The paradox as to why individuals of apparently identical weight and height have different risks of developing metabolic disease has been the question underpinning my research for the last 25 years. My research to answer this has resulted in my internationally recognised track record in developing and applying innovative whole body magnetic resonance imaging (MRI) and spectroscopy (MRS) based techniques as tools to non-invasively determine optimal health. Essential to this was my work directing the developing appropriate methods to analysis the data collected, this continues to be a particularly important aspect of my work, leading to constant contacts from companies and research groups around the world in need of such specialist expertise.
I joined the University of Westminster in October 2014, since this I have been closely involved in the foundation and running of Research Centre for Optimal Health (ReCOH).
My background was originally in Biochemistry, with a BSc from Queen Mary and Westfield College followed by a PhD investigating the effects of diet and development on adipose tissue composition using in vivo 13C NMR Spectroscopy. This led to a 20 year research career at the Robert Steiner MRI Unit, part of the MRC Clinical Sciences Centre at the Hammersmith Hospital developing novel non-invasive MR imaging and spectroscopy measure, quantify and understand body fat content and distribution in adults and infants.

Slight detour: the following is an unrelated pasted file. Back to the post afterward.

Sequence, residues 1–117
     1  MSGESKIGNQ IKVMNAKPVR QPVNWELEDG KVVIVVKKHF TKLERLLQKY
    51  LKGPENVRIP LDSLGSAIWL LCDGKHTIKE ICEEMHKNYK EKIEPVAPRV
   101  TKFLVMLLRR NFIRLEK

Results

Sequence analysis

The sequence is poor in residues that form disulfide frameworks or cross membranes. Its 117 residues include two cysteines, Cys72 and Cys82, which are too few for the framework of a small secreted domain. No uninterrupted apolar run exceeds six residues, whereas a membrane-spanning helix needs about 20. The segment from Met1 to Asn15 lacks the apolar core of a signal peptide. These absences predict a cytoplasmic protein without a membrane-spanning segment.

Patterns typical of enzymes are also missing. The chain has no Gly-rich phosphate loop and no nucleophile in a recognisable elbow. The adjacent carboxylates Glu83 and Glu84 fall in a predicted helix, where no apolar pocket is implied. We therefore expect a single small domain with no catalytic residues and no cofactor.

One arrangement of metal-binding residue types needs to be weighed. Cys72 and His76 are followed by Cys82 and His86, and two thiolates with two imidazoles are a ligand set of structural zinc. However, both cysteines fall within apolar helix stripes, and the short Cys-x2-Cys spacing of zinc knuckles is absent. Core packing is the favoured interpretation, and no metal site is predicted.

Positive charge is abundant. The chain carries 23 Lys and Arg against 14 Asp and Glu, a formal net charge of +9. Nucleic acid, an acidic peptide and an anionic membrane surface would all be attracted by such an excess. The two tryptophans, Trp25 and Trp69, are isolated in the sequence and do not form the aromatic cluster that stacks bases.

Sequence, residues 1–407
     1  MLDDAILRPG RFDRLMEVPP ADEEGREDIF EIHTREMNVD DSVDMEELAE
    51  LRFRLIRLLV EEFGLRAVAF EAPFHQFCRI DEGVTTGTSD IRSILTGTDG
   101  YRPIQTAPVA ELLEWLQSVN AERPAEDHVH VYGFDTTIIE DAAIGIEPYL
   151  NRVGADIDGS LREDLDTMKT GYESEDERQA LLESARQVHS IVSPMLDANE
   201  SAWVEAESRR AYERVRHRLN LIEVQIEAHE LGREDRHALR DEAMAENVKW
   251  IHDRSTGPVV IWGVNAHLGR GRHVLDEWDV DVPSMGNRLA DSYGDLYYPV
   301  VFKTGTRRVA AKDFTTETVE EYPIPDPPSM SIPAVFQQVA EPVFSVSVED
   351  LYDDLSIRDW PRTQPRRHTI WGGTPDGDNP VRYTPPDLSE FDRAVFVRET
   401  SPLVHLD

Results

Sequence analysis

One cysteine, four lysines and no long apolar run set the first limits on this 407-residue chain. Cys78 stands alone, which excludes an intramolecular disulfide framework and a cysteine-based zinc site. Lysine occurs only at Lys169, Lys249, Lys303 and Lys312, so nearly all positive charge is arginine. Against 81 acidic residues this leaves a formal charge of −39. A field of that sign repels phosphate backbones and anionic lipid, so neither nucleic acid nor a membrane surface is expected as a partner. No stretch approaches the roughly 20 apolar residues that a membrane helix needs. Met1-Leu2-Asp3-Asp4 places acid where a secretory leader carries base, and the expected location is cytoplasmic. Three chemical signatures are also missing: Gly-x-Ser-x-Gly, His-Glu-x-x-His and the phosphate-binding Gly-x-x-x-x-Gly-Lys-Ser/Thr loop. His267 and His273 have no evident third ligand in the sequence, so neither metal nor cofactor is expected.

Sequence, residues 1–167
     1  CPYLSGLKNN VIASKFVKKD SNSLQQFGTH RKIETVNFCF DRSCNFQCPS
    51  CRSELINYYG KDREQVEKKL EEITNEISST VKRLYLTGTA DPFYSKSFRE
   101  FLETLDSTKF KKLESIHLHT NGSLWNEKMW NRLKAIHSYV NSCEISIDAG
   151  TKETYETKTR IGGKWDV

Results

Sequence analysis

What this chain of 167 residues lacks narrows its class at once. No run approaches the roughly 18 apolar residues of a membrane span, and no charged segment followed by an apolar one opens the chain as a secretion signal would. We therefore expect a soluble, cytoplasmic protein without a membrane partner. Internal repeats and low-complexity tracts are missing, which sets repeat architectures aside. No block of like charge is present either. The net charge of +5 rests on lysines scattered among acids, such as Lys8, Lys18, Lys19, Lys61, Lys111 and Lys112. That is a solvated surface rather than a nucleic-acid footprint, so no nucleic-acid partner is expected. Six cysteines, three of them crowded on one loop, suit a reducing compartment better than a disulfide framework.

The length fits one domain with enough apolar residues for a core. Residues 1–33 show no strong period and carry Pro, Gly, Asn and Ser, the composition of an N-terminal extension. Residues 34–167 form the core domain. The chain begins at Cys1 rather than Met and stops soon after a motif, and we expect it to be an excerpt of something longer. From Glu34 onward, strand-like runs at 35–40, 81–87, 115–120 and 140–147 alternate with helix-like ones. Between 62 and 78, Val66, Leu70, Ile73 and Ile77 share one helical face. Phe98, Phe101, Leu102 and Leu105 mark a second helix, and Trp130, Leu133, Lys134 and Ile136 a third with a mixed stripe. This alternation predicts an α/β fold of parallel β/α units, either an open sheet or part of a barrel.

A significant proportion of my research career has involved industrial collaborations with projects sponsored by a diverse range of companies including Perspectum Diagnostics, Health Concierge, AMRA, Calico, GSK, GW Pharma, Tanita, Select Research, AstraZeneca, Numico, Quest Diagnostics, and Herbal Life.
Whilst my research has focused on innovating MR methods for characterising total, regional and ectopic fat in obesity and NAFLD, I have also continued to validate and develop low cost alternatives to MRI, including novel technology, blood marker derived indices as well as algorithmic approaches to serve as a markers of visceral and liver fat content.
This work has led to a close involvement with the UK Biobank imaging study and successful industrial partnerships including a research collaboration/KTP award with Perspectum Diagnostics to develop and validation a new MR method for the diagnosis of patients for liver disease; consultancy and research partnerships to work on improving methods for measurement of adipose tissue from abdominal MR images; and development automated radiomic analysis of organs to further enhance the depth and quantity of health metrics that can be derived from abdominal imaging.